First of all, “he chose us”. We are what we are as Christians because God chose us. It wasn’t the other way round, as we so often think it is. But it isn’t that He just chose us a week before we turned to Him. Oh no, He chose us “before the creation of the world.” This is amazing. This is God who Created this world and before He created it He looked into the future, saw what would happen, saw sin, saw the need for the Cross, saw us coming into the world and (I suggest) saw that we would be those who would respond to the good news of Jesus Christ and at that point said, “Yes, they will be my children.” We see this sense of God’s planning before the world came into being, a number of times in Scripture – Jn 17:24, 1 Pet 1:20, Rev 17:8, Rev 13:8, 2 Tim 1:9, Tit 1:2.


But there are two crucial words that we have missed, “in him” – “he chose us in him before the creation of the world.” Jesus is the way God chooses who will be His. As we noted above, it is those who will respond to the good news of Jesus who are saved. Therefore in the planning before God made the world, He looked into the future and saw that when you heard about Jesus, you would respond. THAT was the crucial means of assessment. Right back then, God had it in mind that you would become His child at this point in history and your response to Jesus was the way that would happen.


But there is a further explanation. We were called with a purpose: “For he chose us in him before the creation of the world to be holy and blameless in his sight.” That is the end product of the work of Jesus and you responding to the wonderful news that he has died for your sins, guilt and punishment, means that God may declare you holy and blameless in His sight! Because you have surrendered your will to God, declared your belief that Jesus has died for your sins, and sought His forgiveness and lordship, He has declared you forgiven
AND cleansed so you ARE holy and blameless in His sight. Yes, we know there is a practical day by day righteousness to be worked out and that will be a process of change that goes on until we die and go to heaven, but as far as God and justice is concerned, you ARE holy and blameless NOW . That is the wonder of this salvation of ours. Yes, we know there is an ongoing work of change to be continued throughout our lives but we are not having to focus on getting right in God’s sight, we are not having to earn His approval, because He has declared it already. That is why the Gospel is GOOD news! How wonderful”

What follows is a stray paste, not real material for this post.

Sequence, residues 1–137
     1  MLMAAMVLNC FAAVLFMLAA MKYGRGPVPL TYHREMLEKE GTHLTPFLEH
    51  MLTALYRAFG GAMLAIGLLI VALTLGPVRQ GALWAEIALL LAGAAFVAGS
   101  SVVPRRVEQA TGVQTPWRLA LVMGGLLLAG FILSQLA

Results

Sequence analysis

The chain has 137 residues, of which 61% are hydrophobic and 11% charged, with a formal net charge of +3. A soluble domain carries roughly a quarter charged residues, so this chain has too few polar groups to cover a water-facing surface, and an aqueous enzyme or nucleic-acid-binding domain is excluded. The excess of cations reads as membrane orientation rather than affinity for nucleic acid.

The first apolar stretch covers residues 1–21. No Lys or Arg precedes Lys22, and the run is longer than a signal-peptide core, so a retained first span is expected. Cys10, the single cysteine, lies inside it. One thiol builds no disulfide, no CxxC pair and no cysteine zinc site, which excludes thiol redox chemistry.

But Paul isn’t content with saying it once; now he repeats it: “ In love he predestined us.” Now because the original didn’t have punctuation, you will find a note in your Bible that the words “in love” may come at the end of the previous sentence. It doesn’t really matter where they come because both sentences say the same thing, but it is important to note that this work of God is a love work, something He does because He is love (1 Jn 4:8,16). This is all about God’s love being expressed to whoever will receive it.


But now he uses the word ‘predestined’. Some of us get very caught up in the sovereignty of God with the use of this word. Yes, the Lord is sovereign but, I suggest, the Bible does include our free will in this. There’s no room for boasting in this. I have no idea why I responded to the Gospel and a friend didn’t, but free will is suggested when Peter uses the expressions about God knowing beforehand: “God’s set purpose and foreknowledge.” (Acts
2:23) and “who have been chosen according to the foreknowledge of God.” (1 Pet 1:2). Predestination, we suggest, therefore is more about God choosing the ‘method’ of choice and knowing who would respond, rather than making people believe or not believe, which would lead us into a cruel God scenario.


The things we have been starting to consider (and they will come up again) are seen widely in the New Testament, e.g. “we know, brothers loved by God, that he has chosen you.” (1 Thess 1:4), “And we know that in all things God works for the good of those who love him, who have been called according to his purpose . For those God foreknew he also predestined to be conformed to the likeness of his Son.” (Rom